Hopping on the moral psychology press is this Washington Post article, If It Feels Good to Be Good, It Might Be Only Natural. It leads with a short description of research on volunteers by Jorge Moll and Jordan Grafman that showed why generosity feels satisfying: it involves the same region of the brain which responds to sex and food.
Here’s their paper:
- Moll J et al. Human Fronto-Mesolimbic Networks Guide Decisions About Charitable Donation. Proceedings of the National Academy of Sciences, October 17, 2006, Vol. 103(42), pp. 15623-15628.
The Post’s story is a light survey of modern moral psychology, and includes interviews from Jean Decety (empathy), Antonio Damasio (moral decision-making), Adrian Raine (crime as mental illness), Joshua Greene (intuitions and biological origins of moral philosophy) and Marc Hauser (morality is innate like language).
It also does a decent job of stirring up the set of worries created by this research, and – like every other piece I’ve read in the press – doesn’t know where to go with them:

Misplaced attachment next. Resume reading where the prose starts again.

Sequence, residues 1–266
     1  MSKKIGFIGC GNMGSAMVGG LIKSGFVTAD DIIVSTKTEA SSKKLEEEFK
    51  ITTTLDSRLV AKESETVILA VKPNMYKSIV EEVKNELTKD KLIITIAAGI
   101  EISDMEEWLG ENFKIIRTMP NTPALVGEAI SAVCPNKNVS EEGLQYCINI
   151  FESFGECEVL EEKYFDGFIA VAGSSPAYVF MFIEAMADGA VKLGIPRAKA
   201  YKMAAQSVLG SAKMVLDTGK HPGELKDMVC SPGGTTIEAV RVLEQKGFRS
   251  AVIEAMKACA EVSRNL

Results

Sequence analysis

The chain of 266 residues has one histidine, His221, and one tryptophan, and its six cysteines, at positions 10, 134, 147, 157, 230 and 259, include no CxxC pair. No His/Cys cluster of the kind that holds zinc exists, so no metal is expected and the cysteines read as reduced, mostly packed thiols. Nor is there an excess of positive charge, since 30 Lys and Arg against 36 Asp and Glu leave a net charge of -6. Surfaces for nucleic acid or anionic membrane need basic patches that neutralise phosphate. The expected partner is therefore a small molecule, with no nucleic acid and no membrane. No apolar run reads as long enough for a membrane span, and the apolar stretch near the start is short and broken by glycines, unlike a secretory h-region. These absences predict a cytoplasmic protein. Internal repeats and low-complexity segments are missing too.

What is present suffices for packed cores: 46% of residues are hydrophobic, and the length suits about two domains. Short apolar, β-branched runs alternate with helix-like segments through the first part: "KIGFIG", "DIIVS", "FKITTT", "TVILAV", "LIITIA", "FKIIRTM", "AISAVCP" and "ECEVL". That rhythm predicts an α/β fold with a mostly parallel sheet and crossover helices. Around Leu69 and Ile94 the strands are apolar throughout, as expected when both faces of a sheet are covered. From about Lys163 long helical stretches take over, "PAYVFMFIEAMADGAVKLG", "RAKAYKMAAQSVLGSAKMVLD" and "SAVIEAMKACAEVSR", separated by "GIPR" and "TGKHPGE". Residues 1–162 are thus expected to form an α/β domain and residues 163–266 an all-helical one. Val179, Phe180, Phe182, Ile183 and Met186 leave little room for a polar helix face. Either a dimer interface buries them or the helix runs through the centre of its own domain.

Psychopaths often feel no empathy or remorse. Without that awareness, people relying exclusively on reasoning seem to find it harder to sort their way through moral thickets. Does that mean they should be held to different standards of accountability?
Particularly nice is this quote from Cohen, who wrestles with how we should respond to learning about moral intuitions:
It is comforting to think your moral intuitions are reliable and you can trust them. But if my analysis is right, your intuitions are not trustworthy. Once you realize why you have the intuitions you have, it puts a burden on you.
Moral obligations about moral feelings. Wonderful.
More recent work on altruism can be found here…
- Tankersley D et al. Altruism is Associated with an Increased Response to Agency. Nature Neuroscience, February 2007, Vol. 10(2), pp. 150-151.
- Lamm, C., Batson, C.D., and Decety, J. (2007). The neural basis of human empathy – Effects of perspective-taking and cognitive appraisal: An event-related fMRI study. Journal of Cognitive Neuroscience, 19, 42-58.